Superintendents at insane asylums had every incentive to cure patients, since high cure rates brought both prestige and validation to their institutions. This is one reason that they urged families to get their loved ones into an asylum quickly, before the mental illness became established and more difficult to alleviate or cure. Continue reading
Patients entering an asylum were frequently given sedatives or tonics, depending upon their physical state, as well as a strong laxative to clean them out. Warm baths were thought to be calming and were frequently prescribed for agitated patients. Continue reading
Water therapies, known collectively as hydrotherapy, were popular forms of treatment for insanity. Most people today have relaxed under the influence of a warm, soothing soak in a tub, but it is interesting to note that bathing for health or medical reasons was popular long before bathing as a sanitation practice became nearly universal. Continue reading
Treatment for mental disorders was generally hit-or-miss in most insane asylums, and many superintendents embarked on experimental procedures simply because there weren’t any reliable ways to help patients. Some treatments were more bizarre than others, and unfortunately, some of the treatments aimed at female patients were based on mistaken physiology-based causes of insanity. Continue reading
No one could be pleased to find him or herself unexpectedly in an insane asylum (see last post) and it is remarkable that so many patients (who later wrote about their experiences) managed to stay calm enough to protect themselves. Patients able to keep their cool and observe the situation quickly saw that protests did them no good, nor did stubbornness or resistance in any form. Continue reading
The Canton Asylum for Insane Indians was inspected many times throughout its life. However, inspectors tended to focus on “things” rather than people. In a January, 1912 report that discussed some sewer problems at the asylum (see last post), Inspector Jacob Breid also discussed–in detail–the physical condition of the building.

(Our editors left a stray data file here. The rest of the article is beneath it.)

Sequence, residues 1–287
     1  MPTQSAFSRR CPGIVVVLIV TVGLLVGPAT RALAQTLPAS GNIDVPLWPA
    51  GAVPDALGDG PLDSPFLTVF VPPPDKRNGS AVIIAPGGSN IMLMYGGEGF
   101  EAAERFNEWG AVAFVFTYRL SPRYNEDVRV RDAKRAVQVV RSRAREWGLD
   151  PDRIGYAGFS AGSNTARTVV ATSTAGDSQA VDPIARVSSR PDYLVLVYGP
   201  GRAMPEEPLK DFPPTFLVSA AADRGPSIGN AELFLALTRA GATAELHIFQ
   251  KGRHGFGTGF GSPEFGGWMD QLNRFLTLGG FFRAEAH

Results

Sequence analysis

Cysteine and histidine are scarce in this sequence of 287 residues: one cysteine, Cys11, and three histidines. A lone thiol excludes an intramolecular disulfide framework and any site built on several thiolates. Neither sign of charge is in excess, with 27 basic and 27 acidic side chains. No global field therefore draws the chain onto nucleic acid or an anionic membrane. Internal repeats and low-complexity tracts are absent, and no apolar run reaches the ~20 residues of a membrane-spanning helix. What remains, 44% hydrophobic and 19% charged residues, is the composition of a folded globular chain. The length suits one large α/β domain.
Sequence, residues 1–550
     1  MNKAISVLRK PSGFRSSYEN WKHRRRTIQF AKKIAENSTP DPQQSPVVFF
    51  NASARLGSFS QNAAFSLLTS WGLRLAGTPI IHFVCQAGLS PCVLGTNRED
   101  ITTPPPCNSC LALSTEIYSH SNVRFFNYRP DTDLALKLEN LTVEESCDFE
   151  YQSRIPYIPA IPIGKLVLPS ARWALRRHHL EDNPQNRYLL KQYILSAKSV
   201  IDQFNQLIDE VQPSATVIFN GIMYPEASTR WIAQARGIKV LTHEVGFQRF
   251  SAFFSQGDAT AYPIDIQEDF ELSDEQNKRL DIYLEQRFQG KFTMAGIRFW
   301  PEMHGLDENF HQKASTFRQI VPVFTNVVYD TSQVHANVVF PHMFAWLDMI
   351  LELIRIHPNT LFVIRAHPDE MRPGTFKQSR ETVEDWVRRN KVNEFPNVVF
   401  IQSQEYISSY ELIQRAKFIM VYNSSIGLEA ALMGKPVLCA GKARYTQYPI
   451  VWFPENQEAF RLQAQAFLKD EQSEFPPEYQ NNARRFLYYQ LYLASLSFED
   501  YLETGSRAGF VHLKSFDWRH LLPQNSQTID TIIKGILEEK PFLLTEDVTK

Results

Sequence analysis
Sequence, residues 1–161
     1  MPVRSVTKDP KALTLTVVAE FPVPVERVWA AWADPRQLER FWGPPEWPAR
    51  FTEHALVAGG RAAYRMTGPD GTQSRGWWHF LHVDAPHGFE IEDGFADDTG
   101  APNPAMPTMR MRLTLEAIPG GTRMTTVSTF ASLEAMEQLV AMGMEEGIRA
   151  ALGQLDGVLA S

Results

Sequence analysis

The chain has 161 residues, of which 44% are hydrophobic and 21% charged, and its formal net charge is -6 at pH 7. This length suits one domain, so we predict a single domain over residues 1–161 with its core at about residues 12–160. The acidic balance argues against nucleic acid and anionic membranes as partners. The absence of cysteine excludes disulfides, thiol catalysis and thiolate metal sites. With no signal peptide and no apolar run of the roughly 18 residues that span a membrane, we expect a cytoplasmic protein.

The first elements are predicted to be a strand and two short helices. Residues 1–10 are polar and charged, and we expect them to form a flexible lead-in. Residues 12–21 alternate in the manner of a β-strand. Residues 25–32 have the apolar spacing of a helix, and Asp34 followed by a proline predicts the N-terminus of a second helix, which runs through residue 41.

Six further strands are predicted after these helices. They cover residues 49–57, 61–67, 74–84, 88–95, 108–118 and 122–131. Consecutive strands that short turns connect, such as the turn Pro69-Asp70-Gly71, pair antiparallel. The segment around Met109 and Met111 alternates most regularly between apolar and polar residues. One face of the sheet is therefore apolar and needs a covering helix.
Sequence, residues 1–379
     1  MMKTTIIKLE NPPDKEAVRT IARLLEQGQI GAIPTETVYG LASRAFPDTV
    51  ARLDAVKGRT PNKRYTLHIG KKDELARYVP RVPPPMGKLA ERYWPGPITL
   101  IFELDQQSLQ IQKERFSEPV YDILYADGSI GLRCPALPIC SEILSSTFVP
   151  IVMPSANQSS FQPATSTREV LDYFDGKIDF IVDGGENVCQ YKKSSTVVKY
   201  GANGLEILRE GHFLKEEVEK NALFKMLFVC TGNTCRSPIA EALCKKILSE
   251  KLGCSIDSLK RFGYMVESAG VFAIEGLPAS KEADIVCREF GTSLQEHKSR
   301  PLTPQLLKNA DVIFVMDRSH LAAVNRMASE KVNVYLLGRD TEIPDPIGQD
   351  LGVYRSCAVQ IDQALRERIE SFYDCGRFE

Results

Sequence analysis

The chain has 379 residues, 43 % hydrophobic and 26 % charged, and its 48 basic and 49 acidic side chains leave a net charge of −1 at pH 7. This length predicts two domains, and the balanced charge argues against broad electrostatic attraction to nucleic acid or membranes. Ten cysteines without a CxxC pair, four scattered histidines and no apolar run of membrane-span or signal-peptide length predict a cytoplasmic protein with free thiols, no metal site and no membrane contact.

“The floors are hard maple but they have not been oiled. They have been scrubbed frequently and the dirty water has gotten into the spaces between the boards and caused the edges to become dark. This gives the floor a dirty appearance . . . .” Breid suggested that the spaces between the boards be filled with a material like wax and the floors oiled. (He also suggested that these floors be mopped with a “cloth moistened with kerosene” rather than with soap and water.)
In the wards, Breid noted that the beds didn’t have castors and therefore scratched and marred the floors whenever they were moved. He suggested using pegs with rounded ends in each bed post and oiling them so that they would glide across the floor. Most of Breid’s comments and suggestions concerned the physical state of the asylum.
So far as patients were concerned, Breid made a list of how many patients held various diagnoses. He also noted that several patients had tuberculosis and needed to be isolated to a greater degree than the building allowed. Breid completed his review of patients with the hopeful thought that the asylum’s new hospital would be erected soon and alleviate this problem of isolating contagious patients.
Alienists stressed that the prompt treatment of insanity was imperative to a cure. They cautioned the public that it was far wiser to bring an afflicted person to an asylum for a cure as soon as possible, rather than let the patient languish at home for years until an asylum became a last resort. By that point, the disease might have too strong a hold and never be shaken.
Despite their sharp division of “acute” and “chronic” cases of insanity, few alienists wanted to shunt the chronic insane into separate asylums. First, few alienists wanted to be in charge of hopeless cases that gave them no scope for meaningful treatment and possible success. Second, alienists hated to pass sentence on patients, fearing that a “chronic” label would take away any chance for recovery that the patient might have had. Rather than give a patient a life sentence to custodial care, alienists preferred to keep these patients with their more hopeful cases on the remote chance that he or she could still make a recovery.